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Annotations are used to give authority for changes and other effects on the legislation you are viewing and to convey editorial information. They appear at the foot of the relevant provision or under the associated heading. Annotations are categorised by annotation type, such as F-notes for textual amendments and I-notes for commencement information (a full list can be found in the Editorial Practice Guide). Each annotation is identified by a sequential reference number. For F-notes, M-notes and X-notes, the number also appears in bold superscript at the relevant location in the text. All annotations contain links to the affecting legislation.

Commencement Information

I5S. 20 in force at 27.3.2007 for W. by S.I. 2007/1030, art. 2(1)(e)

I6S. 20 in force at 6.4.2007 for E. by S.I. 2007/499, art. 2(2)(g)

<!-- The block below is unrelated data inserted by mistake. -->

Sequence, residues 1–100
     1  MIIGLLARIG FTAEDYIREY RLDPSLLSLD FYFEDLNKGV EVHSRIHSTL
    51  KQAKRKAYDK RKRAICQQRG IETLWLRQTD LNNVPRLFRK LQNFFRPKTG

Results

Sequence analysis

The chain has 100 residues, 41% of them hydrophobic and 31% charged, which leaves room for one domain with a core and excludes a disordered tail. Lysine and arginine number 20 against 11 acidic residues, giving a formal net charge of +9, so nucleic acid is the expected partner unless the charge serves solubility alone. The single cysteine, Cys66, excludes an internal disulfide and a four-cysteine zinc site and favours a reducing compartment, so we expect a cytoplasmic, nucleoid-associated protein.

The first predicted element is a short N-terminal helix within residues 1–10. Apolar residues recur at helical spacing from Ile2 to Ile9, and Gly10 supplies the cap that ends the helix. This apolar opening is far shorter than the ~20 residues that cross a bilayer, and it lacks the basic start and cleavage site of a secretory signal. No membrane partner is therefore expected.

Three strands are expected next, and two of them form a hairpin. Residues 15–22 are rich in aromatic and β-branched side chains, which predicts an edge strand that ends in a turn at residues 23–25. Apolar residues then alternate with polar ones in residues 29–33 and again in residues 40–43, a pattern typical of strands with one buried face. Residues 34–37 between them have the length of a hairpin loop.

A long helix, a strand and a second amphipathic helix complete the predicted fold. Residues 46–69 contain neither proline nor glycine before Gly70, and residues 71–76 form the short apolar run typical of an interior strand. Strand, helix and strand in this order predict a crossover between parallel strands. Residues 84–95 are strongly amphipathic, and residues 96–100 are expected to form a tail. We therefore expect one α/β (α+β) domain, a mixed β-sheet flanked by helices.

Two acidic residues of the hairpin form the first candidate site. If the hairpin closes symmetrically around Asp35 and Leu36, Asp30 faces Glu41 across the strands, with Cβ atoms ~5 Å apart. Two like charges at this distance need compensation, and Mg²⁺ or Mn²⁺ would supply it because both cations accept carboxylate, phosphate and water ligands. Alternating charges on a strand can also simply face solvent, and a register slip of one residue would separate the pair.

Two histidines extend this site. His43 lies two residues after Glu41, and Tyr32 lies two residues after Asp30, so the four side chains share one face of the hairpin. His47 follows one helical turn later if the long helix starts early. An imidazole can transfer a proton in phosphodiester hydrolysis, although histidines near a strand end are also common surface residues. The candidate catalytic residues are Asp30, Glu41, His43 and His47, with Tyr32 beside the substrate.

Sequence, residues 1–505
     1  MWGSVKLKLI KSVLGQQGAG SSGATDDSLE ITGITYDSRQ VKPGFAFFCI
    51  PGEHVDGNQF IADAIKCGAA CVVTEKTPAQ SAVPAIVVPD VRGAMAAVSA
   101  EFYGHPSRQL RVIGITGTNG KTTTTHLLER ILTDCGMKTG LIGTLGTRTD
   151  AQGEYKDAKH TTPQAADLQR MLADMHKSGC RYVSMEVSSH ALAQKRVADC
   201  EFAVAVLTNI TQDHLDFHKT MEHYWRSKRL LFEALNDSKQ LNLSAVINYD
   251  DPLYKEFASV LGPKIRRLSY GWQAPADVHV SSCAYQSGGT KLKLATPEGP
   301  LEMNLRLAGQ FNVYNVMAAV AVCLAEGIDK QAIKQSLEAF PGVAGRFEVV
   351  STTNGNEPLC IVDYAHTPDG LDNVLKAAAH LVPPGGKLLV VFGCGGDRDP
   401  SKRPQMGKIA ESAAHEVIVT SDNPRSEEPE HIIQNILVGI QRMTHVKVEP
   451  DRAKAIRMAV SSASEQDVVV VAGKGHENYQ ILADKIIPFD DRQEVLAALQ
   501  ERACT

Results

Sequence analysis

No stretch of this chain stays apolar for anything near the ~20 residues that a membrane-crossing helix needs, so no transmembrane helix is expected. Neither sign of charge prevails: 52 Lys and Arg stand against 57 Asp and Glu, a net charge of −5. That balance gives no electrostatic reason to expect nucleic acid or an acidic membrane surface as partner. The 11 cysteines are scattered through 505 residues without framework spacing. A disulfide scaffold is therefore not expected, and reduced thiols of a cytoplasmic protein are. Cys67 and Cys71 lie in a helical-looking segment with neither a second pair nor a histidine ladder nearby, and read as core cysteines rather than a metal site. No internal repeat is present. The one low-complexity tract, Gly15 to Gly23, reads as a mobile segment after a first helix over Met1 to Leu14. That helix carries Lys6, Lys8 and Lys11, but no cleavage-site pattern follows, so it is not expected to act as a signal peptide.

21Orders under section 20: appealsE+W

(1)Where a court makes an order under section 20(1), the owner of the animal to which the order relates may appeal against the order to the Crown Court.

(2)Nothing may be done under an order under section 20(1) unless—

(a)the period for giving notice of appeal against the order has expired, and

(b)if the order is the subject of an appeal, the appeal has been determined or withdrawn.

(3)Where the effect of an order is suspended under subsection (2)—

(a)no directions given in connection with the order shall have effect, but

(b)the court may give directions about how any animal to which the order applies is to be dealt with during the suspension.

(4)Directions under subsection (3)(b) may, in particular—